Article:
[dba-VB] c#: Get identity value back from SQL Server

jwcolby jwcolby at colbyconsulting.com
Sun Aug 12 06:49:50 CDT 2012

I think you have never mentioned it.

I was under the impression that running tsql statements against SQL Server was the way SQL Server 
was manipulated.  I have been doing this stuff for ages, running update queries and getting back the 
row count, running BCP queries to import or export data etc.  In all cases it is done with a C# 
command object and TSQL.

It appears to me that perhaps what you are doing is designed to bind to a form or grid maybe?  The 
stuff I am doing isn't bound in the normal sense and so I don't ever get down to the tableadapter 

In this case I have about 10 databases.  I have to do joins between all 10 databases and "each other 
database", joined on one of three fields - HashPerson, HashFamily and HashAddress - and then do 
counts on those joines.  Thus I am getting about 50 counts on three different hash levels or about 
150 counts.

The program that does this was designed originally to simply write the results into a spreadsheet. 
Visualize a spreadsheet with three sections down the sheet, a HashPerson, HashFamily and HashAddress 
section. Each section has a line under that for each database, and columns for the counts for the 
joins against all other databases.  So if I have 8 databases there are 8 rows, one for each 
database, and 7 columns, one for each "other" database.  Each row/column junction cell holds the 
count of that pair of databases joined on that hash level.  Obviously I have to do counts (TSQL) 
against (in this example) of 8*7 row/columns * 3 (hash levels) and as each count completes it has to 
write into the spreadsheet.  BTW these tables are anywhere from 5 million records to 220 million 
records so these counts take literally all night to run.

I am now retrofitting the program to also write the results into a matching set of tables - 
Spreadsheet / HashLevel / LineLevel (within the hash level) / JunctionCount.  Doing that I will then 
be able to "read out" any count spreadsheet from the past, do analysis against counts over time etc.

But no, I do not use table adapters in the manner that you seem to be doing so.  I do everything I 
do with connection / command objects executing dynamically constructed TSQL statements.

John W. Colby
Colby Consulting

Reality is what refuses to go away
when you do not believe in it

On 8/12/2012 4:44 AM, Gustav Brock wrote:
> Hi John
> I think I have asked this before, but I just don't get why you of all mess around with this low level stuff when class handling in several varietes are right at your hand - like the DataTableAdapters which really aren't very "advanced" but very handy:
> <C#>
> mediaCutRow = _mediaCutDataTable.NewMediaCutRow();
> mediaCutRow.MediaIssueSectionPageId = _mediaIssueSectionPageId;
> mediaCutRow.CutNumber = tempCutNumber;
> // Add the new cut.
> _mediaCutDataTable.AddMediaCutRow(mediaCutRow);
> _mediaCutTableAdapter.Update(_mediaCutDataTable);
> // Retrieve assigned new Id of mediaCutRow.
> _mediaCutId = mediaCutRow.Id;
> </C#>
> /gustav
>>>> jwcolby at colbyconsulting.com 10-08-12 14:38 >>>
> I have written a function to perform an insert using a passed in SQL string.  I need it to return an
> integer PK autoincremented by the table:
> public int mExecNonQueryReturnIdentity(string strCnn, string strSQL, int timeOut)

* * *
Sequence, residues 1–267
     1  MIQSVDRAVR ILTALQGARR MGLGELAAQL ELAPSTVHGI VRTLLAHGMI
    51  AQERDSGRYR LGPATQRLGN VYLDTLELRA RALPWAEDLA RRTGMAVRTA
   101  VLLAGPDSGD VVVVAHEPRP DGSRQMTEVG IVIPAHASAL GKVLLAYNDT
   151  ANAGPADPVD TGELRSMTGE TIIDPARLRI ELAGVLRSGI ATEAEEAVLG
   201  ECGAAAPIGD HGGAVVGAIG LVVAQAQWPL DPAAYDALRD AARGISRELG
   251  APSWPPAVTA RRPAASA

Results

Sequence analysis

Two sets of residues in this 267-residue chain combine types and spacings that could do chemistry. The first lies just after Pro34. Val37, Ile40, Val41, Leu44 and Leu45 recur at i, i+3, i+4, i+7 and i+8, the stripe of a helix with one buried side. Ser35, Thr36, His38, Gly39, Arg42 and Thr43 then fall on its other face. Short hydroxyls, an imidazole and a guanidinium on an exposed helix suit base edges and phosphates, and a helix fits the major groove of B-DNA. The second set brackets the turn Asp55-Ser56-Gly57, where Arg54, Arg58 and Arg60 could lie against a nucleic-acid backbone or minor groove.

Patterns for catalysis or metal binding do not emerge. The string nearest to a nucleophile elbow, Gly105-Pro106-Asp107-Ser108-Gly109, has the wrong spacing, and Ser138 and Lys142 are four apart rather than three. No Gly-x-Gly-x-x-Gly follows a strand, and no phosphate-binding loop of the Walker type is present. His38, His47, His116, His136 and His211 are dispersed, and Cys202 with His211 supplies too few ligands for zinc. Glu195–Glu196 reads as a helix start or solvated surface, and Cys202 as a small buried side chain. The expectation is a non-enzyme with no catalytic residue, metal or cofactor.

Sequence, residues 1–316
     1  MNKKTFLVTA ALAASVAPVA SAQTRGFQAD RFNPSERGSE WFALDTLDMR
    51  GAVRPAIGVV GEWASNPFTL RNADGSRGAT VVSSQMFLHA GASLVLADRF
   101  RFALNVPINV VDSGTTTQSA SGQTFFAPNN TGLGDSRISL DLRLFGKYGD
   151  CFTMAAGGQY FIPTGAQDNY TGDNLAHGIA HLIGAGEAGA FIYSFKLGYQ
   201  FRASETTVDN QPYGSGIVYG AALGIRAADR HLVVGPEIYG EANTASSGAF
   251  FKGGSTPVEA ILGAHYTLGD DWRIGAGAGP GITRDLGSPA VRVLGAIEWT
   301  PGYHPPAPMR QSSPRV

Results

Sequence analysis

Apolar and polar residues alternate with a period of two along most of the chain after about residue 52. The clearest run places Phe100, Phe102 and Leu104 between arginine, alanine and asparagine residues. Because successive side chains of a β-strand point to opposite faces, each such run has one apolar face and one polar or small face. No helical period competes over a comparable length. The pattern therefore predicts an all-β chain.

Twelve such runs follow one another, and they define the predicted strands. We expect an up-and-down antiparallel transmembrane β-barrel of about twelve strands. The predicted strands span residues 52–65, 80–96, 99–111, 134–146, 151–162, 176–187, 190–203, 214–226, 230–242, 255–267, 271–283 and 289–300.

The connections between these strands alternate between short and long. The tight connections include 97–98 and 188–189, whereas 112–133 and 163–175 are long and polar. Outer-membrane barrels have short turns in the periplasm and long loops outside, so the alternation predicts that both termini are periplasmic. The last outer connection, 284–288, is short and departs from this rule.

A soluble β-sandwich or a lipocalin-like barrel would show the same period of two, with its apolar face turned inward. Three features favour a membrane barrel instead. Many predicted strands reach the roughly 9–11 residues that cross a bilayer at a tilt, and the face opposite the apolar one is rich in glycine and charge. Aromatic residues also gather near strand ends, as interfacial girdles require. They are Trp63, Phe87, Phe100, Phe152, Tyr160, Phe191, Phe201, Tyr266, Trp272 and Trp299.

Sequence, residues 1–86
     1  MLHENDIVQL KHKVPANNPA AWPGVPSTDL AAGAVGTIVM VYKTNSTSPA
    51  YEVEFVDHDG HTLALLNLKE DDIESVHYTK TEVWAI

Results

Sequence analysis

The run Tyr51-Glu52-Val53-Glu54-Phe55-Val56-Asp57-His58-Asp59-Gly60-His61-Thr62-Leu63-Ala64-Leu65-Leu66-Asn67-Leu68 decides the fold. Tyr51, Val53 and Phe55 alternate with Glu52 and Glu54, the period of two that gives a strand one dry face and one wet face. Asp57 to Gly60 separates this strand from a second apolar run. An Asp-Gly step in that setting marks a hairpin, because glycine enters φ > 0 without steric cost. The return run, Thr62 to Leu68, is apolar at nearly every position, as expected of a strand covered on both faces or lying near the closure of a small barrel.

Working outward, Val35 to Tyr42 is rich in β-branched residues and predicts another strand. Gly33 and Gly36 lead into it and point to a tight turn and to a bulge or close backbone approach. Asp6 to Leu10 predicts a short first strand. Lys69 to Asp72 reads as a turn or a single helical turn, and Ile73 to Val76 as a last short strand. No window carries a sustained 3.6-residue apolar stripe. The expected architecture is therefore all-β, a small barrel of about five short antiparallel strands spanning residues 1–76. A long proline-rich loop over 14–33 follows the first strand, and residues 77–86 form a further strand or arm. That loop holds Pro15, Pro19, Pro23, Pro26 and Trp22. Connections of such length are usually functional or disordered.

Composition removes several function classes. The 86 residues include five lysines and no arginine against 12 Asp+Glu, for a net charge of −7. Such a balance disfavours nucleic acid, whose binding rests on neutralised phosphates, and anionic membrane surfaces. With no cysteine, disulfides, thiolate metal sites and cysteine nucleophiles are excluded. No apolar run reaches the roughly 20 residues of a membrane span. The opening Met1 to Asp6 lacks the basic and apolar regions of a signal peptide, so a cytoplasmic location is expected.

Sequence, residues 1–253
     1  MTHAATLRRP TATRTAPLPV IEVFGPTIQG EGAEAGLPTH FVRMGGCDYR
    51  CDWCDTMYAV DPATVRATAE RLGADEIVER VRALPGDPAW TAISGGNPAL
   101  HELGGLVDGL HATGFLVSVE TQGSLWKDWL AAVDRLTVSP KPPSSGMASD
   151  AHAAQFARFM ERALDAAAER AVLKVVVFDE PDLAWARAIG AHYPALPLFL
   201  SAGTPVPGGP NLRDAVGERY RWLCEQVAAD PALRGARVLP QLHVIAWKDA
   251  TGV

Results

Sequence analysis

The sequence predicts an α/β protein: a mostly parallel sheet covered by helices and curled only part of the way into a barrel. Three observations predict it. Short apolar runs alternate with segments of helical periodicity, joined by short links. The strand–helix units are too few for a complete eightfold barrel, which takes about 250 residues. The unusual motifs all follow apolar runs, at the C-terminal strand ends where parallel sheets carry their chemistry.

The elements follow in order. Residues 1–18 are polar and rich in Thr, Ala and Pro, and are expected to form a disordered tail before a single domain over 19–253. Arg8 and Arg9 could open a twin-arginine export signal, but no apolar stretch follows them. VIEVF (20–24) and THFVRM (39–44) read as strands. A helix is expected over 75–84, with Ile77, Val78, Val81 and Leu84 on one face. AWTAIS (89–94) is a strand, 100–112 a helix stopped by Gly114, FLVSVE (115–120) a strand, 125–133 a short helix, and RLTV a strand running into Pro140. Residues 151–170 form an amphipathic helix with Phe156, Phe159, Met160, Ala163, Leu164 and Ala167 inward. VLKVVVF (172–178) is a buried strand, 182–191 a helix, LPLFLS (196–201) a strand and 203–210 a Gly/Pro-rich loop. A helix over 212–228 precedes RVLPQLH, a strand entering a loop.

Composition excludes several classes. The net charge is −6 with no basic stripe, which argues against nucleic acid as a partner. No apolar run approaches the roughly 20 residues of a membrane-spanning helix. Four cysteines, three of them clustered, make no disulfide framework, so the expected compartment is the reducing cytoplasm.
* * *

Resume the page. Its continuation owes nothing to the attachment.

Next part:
> {
> 	int intIdentity = 0;       //reset the records affected property before we execute
> 	SqlConnection mCnn = null;      //setup a sql connection object
> 	SqlCommand myCommand = null;        //setup a sql command object
>           try
>           {
>           	mCnn = new SqlConnection(strCnn);       //create a new sql connection using the connection
> string passed in
>                   mCnn.Open();        //open the connection
>                   myCommand = new SqlCommand(strSQL, mCnn);       //create a new command using the
> sql connection and sql statment
>                   myCommand.CommandTimeout = 60;     //set the command time out
>                   SqlParameter param = new SqlParameter("@ID", SqlDbType.Int, 4);
>                   param.Direction = ParameterDirection.Output;
>                   myCommand.Parameters.Add(param);
>                   myCommand.ExecuteNonQuery();     //execute the sql statement and set the records
> affected property
>                   intIdentity = (int)param.Value;
>        	}
>           catch (SqlException ex)
>           {
>           	logger.Error(ex.ToString());
>           }
> 	return intIdentity ;
> }
> The SQL statement looks like:
> string strSQLInsert = "INSERT INTO " + dbName + ".dbo." + tblName + " " +
> 	"(" +
>           "CSS_Name," +
>           "CSS_DteStart" +
>           ") " +
>           "VALUES " +
>           "(" +
>           "'DatabaseCrossReferenceCount_" + strNow + "'," +
>           "'" + strNow + "' " +
>           "); " +
>           "SELECT @@IDENTITY AS 'ID'"
>           ;
> PK = mExecNonQueryReturnIdentity(cnn, strSQLInsert, 600);
> The record is inserted into the table but param in mExecNonQueryReturnIdentity is {} which is null I
> suppose.  As a result i fall into the catch saying that the (int) "specified cast is not valid".  I
> am trying to cast a null to an int.  But the question is why is the returned value a null instead of
> an integer ID.
> There are a ton of hits on google about how to do this but they always break down into quarrels
> about "This is not safe and that is not safe and ...".  All the safe issues should not apply in my
> specific case because I am controlling the context by doing this from my C# code.
> I think the best solution seems to be doing the output parameter and passing something back which is
> the ID but I can't seem to figure out which part - the sql statement or the c# function (or both?)
> is in error.
> Any help greatly appreciated.

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